College Students and Substance Abuse
Many times, going to university or college is the first time that young adults have the chance to live an independent life. But such a significant transition to a new phase of life with new responsibilities can be very mentally, emotionally, and physically stressful. A lot of young students find themselves struggling with balancing the new responsibilities that present themselves while away at college. Most rehab centers are well-acquainted and aware of the difficulties as well as the social and individual temptations to experiment with drugs and alcohol.
But why is this pattern so common during college?
What Are the Causes?
The college setting is usually the first place or phase of life that young adults begin exploring drinking and experimental drug use. According to the 2018 statistics of college students between the ages of 19-22 from the National Institute of Drug Abuse, 28% of college students reported binge drinking; over 2% reported opioid misuse; over 11% reported Adderall misuse; and almost 11% reported marijuana vaping.
Students between these ages are at a higher risk of developing addictive patterns because of circumstances that are most present during university and college. There are a number of central issues for college students that often cause them to turn to drugs and alcohol in an attempt to improve their social lives and relieve academic stress.
Primary causes of substance abuse in college students include:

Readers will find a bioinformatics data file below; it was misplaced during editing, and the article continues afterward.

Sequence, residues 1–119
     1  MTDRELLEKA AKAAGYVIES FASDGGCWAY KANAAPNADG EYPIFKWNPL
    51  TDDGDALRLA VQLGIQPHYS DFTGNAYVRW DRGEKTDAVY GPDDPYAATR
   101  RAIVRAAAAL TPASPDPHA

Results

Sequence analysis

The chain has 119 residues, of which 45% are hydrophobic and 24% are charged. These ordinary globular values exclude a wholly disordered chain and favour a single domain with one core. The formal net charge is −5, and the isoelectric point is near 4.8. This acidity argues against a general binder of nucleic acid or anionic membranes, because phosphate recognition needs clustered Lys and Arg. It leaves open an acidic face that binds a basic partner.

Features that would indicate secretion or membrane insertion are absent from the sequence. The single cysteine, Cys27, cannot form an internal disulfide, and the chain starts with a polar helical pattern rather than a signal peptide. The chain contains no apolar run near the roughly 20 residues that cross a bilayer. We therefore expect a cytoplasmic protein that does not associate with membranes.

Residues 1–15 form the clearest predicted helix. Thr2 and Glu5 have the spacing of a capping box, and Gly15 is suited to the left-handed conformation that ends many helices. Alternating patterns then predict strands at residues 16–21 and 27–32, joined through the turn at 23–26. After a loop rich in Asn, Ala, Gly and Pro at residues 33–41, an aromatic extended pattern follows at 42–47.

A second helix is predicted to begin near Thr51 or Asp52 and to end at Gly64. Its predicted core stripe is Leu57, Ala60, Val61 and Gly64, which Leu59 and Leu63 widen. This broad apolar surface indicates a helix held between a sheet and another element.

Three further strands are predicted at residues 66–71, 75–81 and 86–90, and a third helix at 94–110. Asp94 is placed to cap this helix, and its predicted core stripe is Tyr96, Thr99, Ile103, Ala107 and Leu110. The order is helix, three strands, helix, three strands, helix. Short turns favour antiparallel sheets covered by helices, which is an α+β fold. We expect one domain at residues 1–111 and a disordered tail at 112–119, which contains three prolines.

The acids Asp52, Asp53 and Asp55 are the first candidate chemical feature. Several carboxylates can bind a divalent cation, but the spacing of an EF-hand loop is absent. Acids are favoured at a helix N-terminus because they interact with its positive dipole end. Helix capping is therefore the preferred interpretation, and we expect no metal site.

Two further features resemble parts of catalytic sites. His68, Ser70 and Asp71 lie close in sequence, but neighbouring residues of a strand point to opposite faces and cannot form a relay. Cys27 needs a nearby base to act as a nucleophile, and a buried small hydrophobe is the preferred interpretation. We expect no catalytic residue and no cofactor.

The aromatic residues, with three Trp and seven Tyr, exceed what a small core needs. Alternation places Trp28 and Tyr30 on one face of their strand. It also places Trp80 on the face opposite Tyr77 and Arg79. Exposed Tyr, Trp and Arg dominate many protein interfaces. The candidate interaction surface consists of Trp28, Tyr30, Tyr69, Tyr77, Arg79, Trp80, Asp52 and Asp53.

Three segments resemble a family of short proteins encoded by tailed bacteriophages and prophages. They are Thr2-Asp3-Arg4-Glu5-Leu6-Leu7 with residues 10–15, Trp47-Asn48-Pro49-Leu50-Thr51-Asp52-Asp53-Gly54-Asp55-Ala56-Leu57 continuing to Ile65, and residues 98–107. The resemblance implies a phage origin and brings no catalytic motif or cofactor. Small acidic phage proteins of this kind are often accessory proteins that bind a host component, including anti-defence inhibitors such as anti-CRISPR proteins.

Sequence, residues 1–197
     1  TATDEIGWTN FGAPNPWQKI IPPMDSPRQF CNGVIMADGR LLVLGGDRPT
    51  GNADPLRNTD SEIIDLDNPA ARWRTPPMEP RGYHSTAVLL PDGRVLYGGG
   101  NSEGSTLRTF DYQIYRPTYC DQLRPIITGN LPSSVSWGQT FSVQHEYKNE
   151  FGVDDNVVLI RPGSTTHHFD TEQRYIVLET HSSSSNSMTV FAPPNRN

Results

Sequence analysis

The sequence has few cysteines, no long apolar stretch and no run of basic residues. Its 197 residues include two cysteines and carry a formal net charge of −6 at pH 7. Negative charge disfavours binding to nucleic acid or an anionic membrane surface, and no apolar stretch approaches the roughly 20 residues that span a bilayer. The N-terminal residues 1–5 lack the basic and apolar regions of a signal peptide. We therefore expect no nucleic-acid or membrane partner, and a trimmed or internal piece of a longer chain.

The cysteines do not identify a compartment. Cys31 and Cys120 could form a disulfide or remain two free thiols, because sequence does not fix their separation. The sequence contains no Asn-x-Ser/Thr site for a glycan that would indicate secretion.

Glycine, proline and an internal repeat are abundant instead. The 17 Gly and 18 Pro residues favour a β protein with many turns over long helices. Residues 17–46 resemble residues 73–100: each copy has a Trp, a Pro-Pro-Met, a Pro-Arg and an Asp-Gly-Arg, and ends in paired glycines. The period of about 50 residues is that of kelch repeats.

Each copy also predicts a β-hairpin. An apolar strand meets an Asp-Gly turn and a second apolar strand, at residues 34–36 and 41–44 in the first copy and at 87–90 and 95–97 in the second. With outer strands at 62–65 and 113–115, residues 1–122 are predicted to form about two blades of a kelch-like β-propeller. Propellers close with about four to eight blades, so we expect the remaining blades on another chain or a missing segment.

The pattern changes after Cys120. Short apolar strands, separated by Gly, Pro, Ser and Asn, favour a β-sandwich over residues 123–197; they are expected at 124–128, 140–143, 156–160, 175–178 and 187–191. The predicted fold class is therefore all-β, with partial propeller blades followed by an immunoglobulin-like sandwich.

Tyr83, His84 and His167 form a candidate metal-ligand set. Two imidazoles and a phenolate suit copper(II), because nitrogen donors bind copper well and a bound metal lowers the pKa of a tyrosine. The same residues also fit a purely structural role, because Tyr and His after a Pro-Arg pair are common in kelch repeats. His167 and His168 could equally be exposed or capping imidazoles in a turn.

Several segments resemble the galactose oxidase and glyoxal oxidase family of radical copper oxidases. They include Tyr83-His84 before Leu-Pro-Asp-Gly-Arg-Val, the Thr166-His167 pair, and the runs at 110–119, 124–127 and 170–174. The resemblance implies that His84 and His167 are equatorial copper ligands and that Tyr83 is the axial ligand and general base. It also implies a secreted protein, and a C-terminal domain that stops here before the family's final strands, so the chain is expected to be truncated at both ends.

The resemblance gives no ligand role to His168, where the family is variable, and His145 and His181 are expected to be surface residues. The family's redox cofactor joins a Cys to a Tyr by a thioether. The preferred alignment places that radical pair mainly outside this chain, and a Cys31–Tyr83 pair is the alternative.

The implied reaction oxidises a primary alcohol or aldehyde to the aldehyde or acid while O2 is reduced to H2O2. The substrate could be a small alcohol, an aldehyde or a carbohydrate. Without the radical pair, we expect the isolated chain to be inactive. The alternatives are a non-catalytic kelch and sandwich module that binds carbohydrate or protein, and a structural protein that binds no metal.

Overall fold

Stress: Many students face very high demands of schoolwork, part-time or full-time employment, extracurricular internships, social activities, and family difficulties.. Many young adults in college strive to balance these responsibilities, many of which require significant attention. When they can’t accomplish this, they can feel overwhelmed and may turn to coping mechanisms to manage their stress.
Academic pressure: Many young adults in college take stimulants, such as Adderall, to help them stay focus on coursework and help keep up with the difficult workload. Many students don’t know, however, that these drugs can become addictive and cause other negative side effects leading to other health problems.
Experimentation: A lot of students see college as the ideal time in their lives to explore their personal, social, and professional boundaries. On this journey of self-discovery, their exploration can form patterns that lead to substance abuse.
Social pressures: If students are surrounded by others who abuse drugs and alcohol, many feel social pressure to follow suit in attempts to be welcomed into the group.
“Greek-life” Organizations and Alcohol Abuse
“Greek-life” organizations such as sororities and fraternities claim to foster positive and family-like environments. But unfortunately they are more often places where alocohol abuse and drug use are most prevalent on college campuses. For example, studies have shown that living in sorority or fraternity houses significantly increases a student’s likelihood of developing heavy drinking patterns. Furthermore, a student’s also depends on their heavy drinking patterns prior to college, especially as seniors in high school, making them more or less vulnerable to worsening prior habits.